San Francisco First City to Sue Trump Over Sanctuary City Funding | KCET
San Francisco First City to Sue Trump Over Sanctuary City Funding
Although San Francisco filed a lawsuit Tuesday against President Donald Trump over his executive order aimed at denying federal funding to so-called "sanctuary" cities, Los Angeles has no immediate plans to do the same.
Rob Wilcox, a spokesman for City Attorney Mike Feuer, told City News Service that Feuer convened a meeting of senior level staff the day after Trump's election to discuss possible lawsuits, and "we are still weighing our options."
The lawsuit filed by San Francisco City Attorney Dennis Herrera contends that Trump's order, which was signed last Wednesday, is unconstitutional.
"The president's executive order is not only unconstitutional, it's un- American," Herrera said. "That's why we must stand up and oppose it."
The lawsuit is the first filed by a city opposing Trump's threat to cut funding.
While not fitting the typical definition of a sanctuary city, where immigrants in the country illegally are shielded from federal authorities, the Los Angeles Police Department for decades has followed Special Order 40, which states officers will not detain a person for the sole purpose of determining their immigration status.
It's unclear if Los Angeles could face a loss of federal funds, since Trump's order declares that "sanctuary jurisdictions" would be determined by the secretary of the Department of Homeland Security.
"These jurisdictions have caused immeasurable harm to the American people and to the very fabric of our Republic," according to Trump's executive order.
Los Angeles receives roughly $500 million in federal support annually. There are also other special projects that could be threatened, like a $1.4 billion plan by the Army Corps of Engineers to revitalize the Los Angeles River. The city is hoping to split the cost with the federal government.
Although Feuer has not filed a lawsuit against Trump, he has taken a number of other stances opposing the president's immigration policies.
Feuer threw his support behind a city plan to donate $2 million to a legal defense fund for immigrants facing deportation. He also tried to meet with people who were detained at Los Angeles International Airport by federal agents over the weekend after Trump issued a travel ban on anyone trying to enter the country from seven Muslim-majority countries.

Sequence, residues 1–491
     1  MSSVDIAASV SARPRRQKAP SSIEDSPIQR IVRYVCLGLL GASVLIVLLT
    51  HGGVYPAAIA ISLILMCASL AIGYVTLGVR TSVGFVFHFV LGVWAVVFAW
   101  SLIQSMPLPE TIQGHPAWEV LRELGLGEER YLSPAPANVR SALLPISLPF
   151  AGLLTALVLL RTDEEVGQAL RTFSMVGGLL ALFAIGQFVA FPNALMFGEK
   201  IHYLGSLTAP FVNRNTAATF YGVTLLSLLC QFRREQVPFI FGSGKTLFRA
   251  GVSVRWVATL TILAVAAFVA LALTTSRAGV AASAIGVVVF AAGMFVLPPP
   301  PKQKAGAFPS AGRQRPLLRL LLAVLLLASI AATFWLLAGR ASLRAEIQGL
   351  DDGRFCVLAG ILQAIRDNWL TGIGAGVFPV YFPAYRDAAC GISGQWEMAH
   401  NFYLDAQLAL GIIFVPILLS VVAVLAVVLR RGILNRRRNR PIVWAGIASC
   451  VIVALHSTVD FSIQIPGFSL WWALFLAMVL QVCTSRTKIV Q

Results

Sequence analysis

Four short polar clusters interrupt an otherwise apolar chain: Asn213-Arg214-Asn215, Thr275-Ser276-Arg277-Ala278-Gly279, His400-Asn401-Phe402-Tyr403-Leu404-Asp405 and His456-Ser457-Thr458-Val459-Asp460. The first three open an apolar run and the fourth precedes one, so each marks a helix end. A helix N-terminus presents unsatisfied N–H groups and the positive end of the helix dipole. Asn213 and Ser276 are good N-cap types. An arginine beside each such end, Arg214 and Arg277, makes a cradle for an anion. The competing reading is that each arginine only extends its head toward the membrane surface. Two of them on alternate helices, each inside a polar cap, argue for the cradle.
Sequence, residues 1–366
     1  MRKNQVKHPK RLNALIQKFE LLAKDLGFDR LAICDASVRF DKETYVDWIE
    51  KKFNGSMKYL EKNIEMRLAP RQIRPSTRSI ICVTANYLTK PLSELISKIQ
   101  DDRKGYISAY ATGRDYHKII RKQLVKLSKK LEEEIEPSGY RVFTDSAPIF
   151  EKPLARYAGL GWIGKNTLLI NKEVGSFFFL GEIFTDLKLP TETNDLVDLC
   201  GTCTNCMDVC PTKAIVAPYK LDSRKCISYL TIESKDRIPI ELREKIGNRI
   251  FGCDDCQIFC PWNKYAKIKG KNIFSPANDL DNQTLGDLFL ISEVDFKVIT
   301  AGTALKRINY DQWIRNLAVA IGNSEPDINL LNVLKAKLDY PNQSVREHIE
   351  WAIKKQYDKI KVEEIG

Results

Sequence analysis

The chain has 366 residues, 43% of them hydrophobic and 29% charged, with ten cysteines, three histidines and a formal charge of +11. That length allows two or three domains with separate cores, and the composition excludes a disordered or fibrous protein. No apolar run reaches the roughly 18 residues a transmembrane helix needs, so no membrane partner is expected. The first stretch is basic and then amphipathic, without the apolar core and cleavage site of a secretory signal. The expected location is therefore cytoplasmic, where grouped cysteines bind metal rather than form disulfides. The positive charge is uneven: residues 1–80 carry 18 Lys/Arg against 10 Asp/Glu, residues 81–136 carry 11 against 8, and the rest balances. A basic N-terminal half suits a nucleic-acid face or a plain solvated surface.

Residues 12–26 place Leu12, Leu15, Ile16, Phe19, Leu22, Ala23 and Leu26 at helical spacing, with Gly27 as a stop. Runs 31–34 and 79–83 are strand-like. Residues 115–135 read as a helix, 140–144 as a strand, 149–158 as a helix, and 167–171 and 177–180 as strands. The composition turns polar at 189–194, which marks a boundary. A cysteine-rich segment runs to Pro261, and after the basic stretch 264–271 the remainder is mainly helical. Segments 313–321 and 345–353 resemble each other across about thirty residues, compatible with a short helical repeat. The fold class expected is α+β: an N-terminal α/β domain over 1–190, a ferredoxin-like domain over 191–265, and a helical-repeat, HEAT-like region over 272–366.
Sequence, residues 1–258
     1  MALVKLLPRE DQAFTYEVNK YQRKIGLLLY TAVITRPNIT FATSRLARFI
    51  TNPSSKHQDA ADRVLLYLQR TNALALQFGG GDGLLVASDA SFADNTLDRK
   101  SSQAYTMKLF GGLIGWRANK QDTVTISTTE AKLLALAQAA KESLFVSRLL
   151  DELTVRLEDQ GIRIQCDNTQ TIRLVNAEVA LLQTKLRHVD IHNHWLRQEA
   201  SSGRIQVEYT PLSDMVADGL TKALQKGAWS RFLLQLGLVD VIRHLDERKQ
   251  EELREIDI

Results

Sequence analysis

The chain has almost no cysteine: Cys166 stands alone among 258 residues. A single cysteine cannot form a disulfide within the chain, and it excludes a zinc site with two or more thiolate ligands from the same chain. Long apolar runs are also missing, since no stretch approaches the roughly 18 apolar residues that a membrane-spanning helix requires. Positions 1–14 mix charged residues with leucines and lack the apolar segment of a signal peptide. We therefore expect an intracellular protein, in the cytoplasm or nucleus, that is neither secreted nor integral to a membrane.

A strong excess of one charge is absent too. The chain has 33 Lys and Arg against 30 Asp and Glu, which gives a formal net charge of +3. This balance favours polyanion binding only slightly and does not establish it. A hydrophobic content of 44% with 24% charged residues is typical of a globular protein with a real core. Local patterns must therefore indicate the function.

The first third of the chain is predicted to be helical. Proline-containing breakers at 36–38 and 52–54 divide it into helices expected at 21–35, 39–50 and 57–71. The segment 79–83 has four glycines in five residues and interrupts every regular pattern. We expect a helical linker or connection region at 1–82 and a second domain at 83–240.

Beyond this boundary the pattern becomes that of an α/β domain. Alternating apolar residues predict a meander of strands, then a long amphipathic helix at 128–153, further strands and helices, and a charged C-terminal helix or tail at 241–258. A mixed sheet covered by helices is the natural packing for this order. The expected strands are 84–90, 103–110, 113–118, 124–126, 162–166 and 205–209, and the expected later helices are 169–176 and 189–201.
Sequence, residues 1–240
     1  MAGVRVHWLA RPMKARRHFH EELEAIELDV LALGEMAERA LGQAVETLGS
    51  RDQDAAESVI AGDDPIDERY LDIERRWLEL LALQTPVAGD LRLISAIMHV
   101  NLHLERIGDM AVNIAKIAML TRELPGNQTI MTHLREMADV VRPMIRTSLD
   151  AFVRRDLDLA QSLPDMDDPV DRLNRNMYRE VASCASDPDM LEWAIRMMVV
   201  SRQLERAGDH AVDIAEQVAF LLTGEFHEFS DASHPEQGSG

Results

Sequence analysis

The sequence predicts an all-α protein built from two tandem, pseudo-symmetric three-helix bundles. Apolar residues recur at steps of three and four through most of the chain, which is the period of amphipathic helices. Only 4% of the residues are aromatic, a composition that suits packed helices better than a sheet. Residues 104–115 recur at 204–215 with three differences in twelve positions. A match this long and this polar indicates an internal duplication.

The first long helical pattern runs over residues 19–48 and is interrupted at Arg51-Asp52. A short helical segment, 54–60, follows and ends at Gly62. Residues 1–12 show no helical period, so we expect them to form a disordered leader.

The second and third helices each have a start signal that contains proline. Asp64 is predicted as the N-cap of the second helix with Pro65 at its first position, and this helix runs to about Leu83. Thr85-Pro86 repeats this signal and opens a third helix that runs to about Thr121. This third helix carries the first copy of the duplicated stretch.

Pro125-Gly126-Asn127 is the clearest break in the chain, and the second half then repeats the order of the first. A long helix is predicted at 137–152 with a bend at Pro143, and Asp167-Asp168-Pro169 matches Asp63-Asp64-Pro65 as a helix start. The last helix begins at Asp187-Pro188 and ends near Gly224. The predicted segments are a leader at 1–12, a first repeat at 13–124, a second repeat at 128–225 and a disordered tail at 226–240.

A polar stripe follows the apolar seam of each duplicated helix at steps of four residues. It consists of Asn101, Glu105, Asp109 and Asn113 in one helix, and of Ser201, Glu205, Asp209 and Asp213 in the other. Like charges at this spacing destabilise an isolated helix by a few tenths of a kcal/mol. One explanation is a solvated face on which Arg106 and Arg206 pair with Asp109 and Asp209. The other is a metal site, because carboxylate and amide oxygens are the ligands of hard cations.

Feuer was rebuffed by federal agents.
"There are residents of this city who have friends and relatives who have the right to return," Feuer told CNS on Sunday. "And the detainees are in many cases residents of the city of Los Angeles, and have loved ones here in this city, waiting for reunification."
Here are five of the best ways to explore the past, present and future of Tejon Ranch.
Federal immigration authorities are expected to begin sweeps in Los Angeles and elsewhere Sunday to arrest undocumented immigrants named in court-ordered deportation warrants.
Following a screening of "Brian Banks," film subject/executive producer Brian Banks, actor Melanie Liburd and producer Amy Baer attended a Q&A hosted by Cinema Series host Pete Hammond.
Following a screening of "Framing John Delorean," producer Tamir Ardon and directors Don Argott and Sheena M. Joyce attended a Q&A hosted by Cinema Series host Pete Hammond.
- 1 of 178
- next ›
For decades Los Angeles has lived in the shadows of New York and Chicago when it comes to the jazz, but that's now changing. LA's jazz scene is on the upswing. Meet the people, places and sounds that are putting LA jazz back on the map.
Chopped down trees, unspent money, building homes thirty feet from the freeway: Is the city of Los Angeles falling down on the job when it comes to certain environmental policies? Socal Connected investigates.
California's wildfires are more severe and deadlier than ever before. Debates are raging as to what to do, who will pay for billions of dollars in damage and what can be done to lessen the destruction as California adjusts to its new normal.
Influencers - they are powerful, persuasive, and they are everywhere. You may not know it, but you could be living under the influence.
How hot will your neighborhood get? "SoCal Connected" looks at the ground-level effects of climate change on southern California.
- 1 of 52
- next ›